“Space: The Final Frontier…

To explore strange new worlds,

To seek out new life and new civilizations,

To boldly go where no man has gone before”

This might sound familiar to some, as these were the iconic opening credits monologue  of the television series, and later on turned into films, “Star Trek”. Similar to it is the vision of Bas Lansdorp, a Dutch entrepreneur who dreams of sending men to one of those places where no man has gone before – Mars.

In 2011, Lansdorp co-founded and is now the CEO of Mars One, a Netherlands-based non-profit foundation and profit corporation that seeks not only to send the first men to Mars, but also to establish a permanent ever-growing human colony in the red planet by 2027, which would allow the continuous exploration of Mars and aid in the further understanding of the origin of the solar system and life itself.

Two years after Mars One was founded, the organization launched its Astronaut Selection Program. Hopeful candidates that wanted to be a part of the historic mission were asked to submit a video application and pay an administration fee that served as a donation to help fund the project. The application fee depended on the candidate’s nationality, wherein the computation is based on his country’s Gross Domestic Product per Capita, ranging from 5 USD to 73 USD. According to the organization, they wanted the fee to be “high enough for people to have to really think about it and low enough for anyone to be able to afford it”. And one should really contemplate on whether one truly wants to participate in the program, because the trip would be a one way ticket. The organization has emphasized that the technology required for the flight back to Earth is still inexistent.

However, not having a return flight significantly reduces the cost of the mission, and minimizes the risks involved thus making the program more financially feasible. Mars One, as a non-profit foundation intends to raise its 6 billion dollar budget from donations sent from all around the globe, while  its profit corporation plans to raise it from intellectual property rights, and from the media coverage of the selection and training process, to the liftoff, and eventually the landing. Skeptics are concerned whether the organization’s proposed budget will be enough to execute the entire program, and if Mars One will be able to raise the amount in time for the departure of its first four-man crew in 2027.

Together with the effort to obtain their target budget, and in preparation for the next giant leap for mankind, Mars One has been conducting its astronaut selection program for the past two years. Initially, the organization received around 200,000 applications from Martian colonist hopefuls, but only 4,227 individuals paid the administration fee that needs to be settled to complete one’s application. Out of those 4,227 astronaut wannabes, only 660 made it to the second round of the screening process involving the program’s medical criteria. These 660 were then interviewed by Mars One’s Chief Medical Director Norbert Kraft.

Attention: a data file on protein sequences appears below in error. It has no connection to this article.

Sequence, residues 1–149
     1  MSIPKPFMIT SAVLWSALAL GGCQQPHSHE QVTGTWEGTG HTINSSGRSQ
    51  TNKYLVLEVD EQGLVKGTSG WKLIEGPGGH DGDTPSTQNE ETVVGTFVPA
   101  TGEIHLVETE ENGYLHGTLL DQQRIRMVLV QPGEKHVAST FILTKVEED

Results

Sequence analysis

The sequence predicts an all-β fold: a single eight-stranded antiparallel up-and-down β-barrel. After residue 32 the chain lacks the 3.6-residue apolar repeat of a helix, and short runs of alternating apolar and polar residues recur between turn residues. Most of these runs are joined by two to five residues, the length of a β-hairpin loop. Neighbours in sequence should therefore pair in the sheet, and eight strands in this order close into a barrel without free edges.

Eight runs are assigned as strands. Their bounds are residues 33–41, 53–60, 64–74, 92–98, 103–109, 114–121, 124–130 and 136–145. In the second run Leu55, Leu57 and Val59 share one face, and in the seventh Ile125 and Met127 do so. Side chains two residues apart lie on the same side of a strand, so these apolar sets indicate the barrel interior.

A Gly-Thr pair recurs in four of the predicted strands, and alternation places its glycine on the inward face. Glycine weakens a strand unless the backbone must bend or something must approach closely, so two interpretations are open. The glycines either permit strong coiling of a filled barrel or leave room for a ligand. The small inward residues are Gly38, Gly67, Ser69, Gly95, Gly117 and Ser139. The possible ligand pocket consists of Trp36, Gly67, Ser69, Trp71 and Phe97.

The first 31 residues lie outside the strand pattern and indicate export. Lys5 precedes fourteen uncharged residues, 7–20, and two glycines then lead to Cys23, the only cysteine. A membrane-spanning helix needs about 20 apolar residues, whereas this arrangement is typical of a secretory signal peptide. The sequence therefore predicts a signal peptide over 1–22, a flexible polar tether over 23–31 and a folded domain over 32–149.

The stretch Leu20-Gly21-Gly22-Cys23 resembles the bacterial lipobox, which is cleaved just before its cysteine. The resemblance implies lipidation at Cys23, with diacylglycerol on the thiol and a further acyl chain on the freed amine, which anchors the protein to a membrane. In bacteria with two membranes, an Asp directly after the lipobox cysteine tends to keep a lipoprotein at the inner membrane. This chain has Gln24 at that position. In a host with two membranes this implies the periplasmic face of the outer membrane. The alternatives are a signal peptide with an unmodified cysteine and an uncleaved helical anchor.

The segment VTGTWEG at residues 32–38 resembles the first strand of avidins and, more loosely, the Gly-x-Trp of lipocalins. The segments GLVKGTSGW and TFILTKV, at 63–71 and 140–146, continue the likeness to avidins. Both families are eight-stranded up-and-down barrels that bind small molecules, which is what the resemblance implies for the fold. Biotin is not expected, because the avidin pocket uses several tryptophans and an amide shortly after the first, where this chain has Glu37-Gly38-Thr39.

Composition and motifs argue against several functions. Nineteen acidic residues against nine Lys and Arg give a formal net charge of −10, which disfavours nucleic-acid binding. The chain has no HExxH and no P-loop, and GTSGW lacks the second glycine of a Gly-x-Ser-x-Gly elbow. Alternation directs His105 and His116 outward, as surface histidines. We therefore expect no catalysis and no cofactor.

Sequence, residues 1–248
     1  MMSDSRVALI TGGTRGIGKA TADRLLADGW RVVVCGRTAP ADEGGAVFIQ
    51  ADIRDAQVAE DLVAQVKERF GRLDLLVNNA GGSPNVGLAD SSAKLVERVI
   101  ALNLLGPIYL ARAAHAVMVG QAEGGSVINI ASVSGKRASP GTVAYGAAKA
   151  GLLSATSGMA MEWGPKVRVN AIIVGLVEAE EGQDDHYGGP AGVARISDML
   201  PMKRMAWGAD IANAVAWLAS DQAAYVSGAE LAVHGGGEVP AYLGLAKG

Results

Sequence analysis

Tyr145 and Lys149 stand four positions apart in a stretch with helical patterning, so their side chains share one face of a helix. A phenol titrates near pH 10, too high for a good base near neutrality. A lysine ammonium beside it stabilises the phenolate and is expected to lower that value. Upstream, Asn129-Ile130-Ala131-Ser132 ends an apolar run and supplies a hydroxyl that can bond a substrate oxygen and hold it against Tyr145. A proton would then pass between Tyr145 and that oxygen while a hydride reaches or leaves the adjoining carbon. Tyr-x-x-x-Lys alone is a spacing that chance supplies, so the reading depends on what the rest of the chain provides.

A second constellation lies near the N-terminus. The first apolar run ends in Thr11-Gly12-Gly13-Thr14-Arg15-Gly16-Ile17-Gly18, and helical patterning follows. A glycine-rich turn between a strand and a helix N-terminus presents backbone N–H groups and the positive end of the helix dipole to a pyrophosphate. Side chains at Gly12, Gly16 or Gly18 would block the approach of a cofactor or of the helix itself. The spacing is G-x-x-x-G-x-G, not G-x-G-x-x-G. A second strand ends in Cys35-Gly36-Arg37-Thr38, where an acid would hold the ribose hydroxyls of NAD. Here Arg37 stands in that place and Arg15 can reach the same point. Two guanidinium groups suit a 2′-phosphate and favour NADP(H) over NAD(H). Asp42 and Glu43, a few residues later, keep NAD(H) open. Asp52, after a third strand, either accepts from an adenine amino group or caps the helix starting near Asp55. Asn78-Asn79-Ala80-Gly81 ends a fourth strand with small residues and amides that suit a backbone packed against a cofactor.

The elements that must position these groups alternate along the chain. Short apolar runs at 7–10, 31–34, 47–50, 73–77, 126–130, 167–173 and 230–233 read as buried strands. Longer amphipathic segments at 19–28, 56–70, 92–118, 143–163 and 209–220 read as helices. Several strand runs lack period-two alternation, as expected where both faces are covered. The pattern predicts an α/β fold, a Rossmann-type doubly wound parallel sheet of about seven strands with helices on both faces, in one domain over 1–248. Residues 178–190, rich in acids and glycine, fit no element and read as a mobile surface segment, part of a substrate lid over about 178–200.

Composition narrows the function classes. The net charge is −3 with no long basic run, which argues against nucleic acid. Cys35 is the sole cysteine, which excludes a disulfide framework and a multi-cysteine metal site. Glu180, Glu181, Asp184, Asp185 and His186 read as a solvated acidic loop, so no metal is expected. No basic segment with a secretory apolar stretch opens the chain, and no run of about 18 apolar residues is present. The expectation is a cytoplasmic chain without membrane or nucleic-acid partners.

Earlier this year, with the process now on its third round, the selection committee was able to bring the number of candidates down to 100 that consist of 50 men and 50 women. From that group, 39 are from the Americas, 31 from Europe, 16 from Asia, 7 from Africa, and 7 from Oceania. In the third round of the selection program, the volunteers will participate in group challenges that simulate the rigors of the Martian life to determine the applicant’s suitability for the mission. At the end of the selection, the 24 volunteers who will be chosen to be part of Mars One astronaut corps will be organized into six groups of four and will undergo technical, personal and group trainings for seven years.

While the six four-person crew are preparing for their Martian life, a rover that will determine the best  location for the settlement, and a communication satellite will be launched in 2022;  living units, life support systems, and supply units will be launched by 2024. By the year 2025, the Mars One outpost will be fully operational and will be ready to receive the first crew that will leave Earth in 2026 via SpaceX’s Dragon Capsule – which was already used in two commercial cargo missions to the International Space Station. After seven to eight months of space travel Crew One will land on Mars in 2027.

Exactly two years after the departure of the Crew One, a second team would be leaving for Mars; more teams will follow in regular intervals to build the human settlement that will be able to grow. A crew will be composed of two men and two women to ensure the feasibility of reproduction on Mars.

“If humans land on Mars, everyone will want to watch. It will be bigger than the Olympic Games”, said Lansdorp. We are still ten years away from 2026; a lot of things can still happen for life is full of possibilities, a lot of things can still change, It is one life’s greatest tragedies – something always changes. We don’t know how far the Mars One program will get, we don’t know if they will ever get to launch something. One thing is for sure: “There is this about the human mind: if it can be done, it will be done. We can do it, so we will do it. So we might as well start.”